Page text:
Wilson's Disease: Symptoms, Diagnosis, Treatment, Prognosis

Wilson's disease is a rare inherited disorder in which too much copper builds up in your body. Your body needs some copper from food to function, but if you have Wilson's disease, your body cannot get rid of any excess copper. The copper then builds up in your liver, eyes, brain, and kidneys, and can lead to serious consequences, and even death.

Wilson's disease is rare and affects one in 300,000 people. The disease is passed down through generations via recessive genes, meaning that both parents carry a gene (without knowing it) and pass both of those genes onto you. If you and your partner both carry a recessive gene, there is a 25% risk that your child will be affected.


Symptoms are generally noticed between six and 20 years old, even though patients have had the condition since birth. The copper tends to accumulate in your liver, eyes, kidneys, and brain.

The copper is toxic to the liver and can cause hepatitis, or inflammation of the liver, which may in turn cause you to experience abdominal pain, vomiting, and jaundice. If the copper is not removed, then the liver becomes scarred (cirrhosis), and this can lead to liver failure.

Copper in your brain can cause physical symptoms, such as reduced coordination, unsteadiness, and shaking or tremor. Also, you may experience difficulty with speech or swallowing, headaches, and even seizures. Eventually, the excess copper can cause muscular weakness, stiffness, and dementia. Psychological symptoms, such as difficulty concentrating, low mood, and depression are also possible.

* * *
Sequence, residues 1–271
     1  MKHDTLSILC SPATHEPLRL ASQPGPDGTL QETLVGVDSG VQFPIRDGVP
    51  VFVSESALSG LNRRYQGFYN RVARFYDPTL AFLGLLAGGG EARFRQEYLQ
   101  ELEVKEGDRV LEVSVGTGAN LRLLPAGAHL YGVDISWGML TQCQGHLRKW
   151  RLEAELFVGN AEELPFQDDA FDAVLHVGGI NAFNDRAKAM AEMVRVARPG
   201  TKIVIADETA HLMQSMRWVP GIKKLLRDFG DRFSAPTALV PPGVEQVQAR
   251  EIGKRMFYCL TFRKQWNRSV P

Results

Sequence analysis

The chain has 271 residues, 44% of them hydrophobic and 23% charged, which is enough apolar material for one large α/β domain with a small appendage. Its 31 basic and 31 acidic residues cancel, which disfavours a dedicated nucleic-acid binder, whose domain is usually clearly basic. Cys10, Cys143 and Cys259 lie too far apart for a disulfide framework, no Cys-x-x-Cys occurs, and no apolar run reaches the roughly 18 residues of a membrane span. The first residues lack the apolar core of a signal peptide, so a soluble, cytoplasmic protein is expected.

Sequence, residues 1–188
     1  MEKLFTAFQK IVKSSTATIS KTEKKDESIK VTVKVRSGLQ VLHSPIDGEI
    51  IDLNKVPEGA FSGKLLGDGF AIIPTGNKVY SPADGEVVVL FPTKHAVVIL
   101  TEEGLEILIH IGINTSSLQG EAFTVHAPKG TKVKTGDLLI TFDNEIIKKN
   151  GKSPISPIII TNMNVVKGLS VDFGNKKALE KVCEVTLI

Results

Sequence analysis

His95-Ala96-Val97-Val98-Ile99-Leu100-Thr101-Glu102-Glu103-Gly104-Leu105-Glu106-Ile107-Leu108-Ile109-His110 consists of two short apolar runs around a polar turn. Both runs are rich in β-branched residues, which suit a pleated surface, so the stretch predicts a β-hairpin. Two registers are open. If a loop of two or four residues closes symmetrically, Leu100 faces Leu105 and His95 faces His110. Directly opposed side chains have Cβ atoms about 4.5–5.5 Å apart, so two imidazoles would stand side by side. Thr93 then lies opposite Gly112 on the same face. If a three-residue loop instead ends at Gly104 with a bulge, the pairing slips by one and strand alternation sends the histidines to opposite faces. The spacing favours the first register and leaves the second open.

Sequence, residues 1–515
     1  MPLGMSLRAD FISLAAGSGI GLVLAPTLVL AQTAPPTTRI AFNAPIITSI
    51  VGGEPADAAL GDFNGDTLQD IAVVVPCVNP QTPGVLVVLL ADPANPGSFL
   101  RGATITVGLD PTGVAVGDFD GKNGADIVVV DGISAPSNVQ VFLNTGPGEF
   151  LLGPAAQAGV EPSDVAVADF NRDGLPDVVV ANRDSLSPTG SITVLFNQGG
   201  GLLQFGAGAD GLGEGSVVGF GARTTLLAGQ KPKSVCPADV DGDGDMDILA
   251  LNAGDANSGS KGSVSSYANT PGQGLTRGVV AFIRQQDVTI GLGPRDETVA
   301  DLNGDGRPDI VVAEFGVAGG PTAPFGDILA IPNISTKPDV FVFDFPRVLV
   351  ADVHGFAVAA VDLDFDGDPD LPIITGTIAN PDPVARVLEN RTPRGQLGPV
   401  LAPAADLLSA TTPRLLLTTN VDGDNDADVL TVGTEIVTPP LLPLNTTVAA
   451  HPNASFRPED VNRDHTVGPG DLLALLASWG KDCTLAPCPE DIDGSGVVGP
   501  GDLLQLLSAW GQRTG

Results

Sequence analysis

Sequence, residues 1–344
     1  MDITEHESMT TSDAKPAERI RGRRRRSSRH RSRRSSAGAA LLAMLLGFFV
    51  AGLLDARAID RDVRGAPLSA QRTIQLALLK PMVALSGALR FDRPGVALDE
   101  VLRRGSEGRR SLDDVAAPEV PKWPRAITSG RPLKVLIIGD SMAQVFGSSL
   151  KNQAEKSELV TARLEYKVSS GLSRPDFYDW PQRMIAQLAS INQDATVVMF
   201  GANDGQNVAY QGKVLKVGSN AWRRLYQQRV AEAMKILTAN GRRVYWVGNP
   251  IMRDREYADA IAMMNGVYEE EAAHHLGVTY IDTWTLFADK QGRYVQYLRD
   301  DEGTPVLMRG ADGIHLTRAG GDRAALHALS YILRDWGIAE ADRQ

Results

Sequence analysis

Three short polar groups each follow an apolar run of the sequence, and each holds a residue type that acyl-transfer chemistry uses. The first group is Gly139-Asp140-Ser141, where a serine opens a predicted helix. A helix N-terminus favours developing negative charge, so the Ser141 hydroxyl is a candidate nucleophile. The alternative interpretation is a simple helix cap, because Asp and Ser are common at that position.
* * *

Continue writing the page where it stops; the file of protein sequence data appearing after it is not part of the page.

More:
Copper can also build up in the corneas of your eyes. This can cause Kayser-Fleischer rings, which your doctor may recognize as a brown pigment in your eyes.

Other symptoms include heart problems, anemia, pancreatitis (inflamed pancreas), repeated miscarriages (in females), and premature osteoporosis.


If Wilson's disease runs in your family, you and your siblings should be screened as well.

If you or your partner is pregnant, it may be possible for you to have tests completed during the pregnancy. Discuss this with your GP or obstetrician, who will be able to advise you further.

The tests that you may have examine caeruloplasmin levels in your blood, copper in your urine, or copper deposits in your eyes, brain, or liver.


It is essential that you have treatment for life if you are afflicted by Wilson's disease. The earlier treatment is started, the better the prognosis.

Food with high copper levels should be avoided. This includes shellfish and seafood, some meats, nuts, mushrooms, and chocolate (especially dark chocolate).

Drug treatment is aimed at trying to clear the excess copper. Penicillamine and Trientine may be given to remove copper in the urine. Zinc works by stopping your digestive system from absorbing copper from food. Hence, as it prevents further absorption, it does remove any excess copper already present. Zinc is better tolerated than penicillamine and trientine, but is usually used at early diagnosis or in maintenance therapy.

Some people do not respond to drug treatment and this can lead to liver failure. The only option after this would be to have a liver transplant.


If treatment is started early, you can expect a normal life expectancy. With treatment, symptoms should be able to be controlled, and your specialist can advise you on this. If have no treatment, Wilson's disease is usually fatal by the age of 40 years old.

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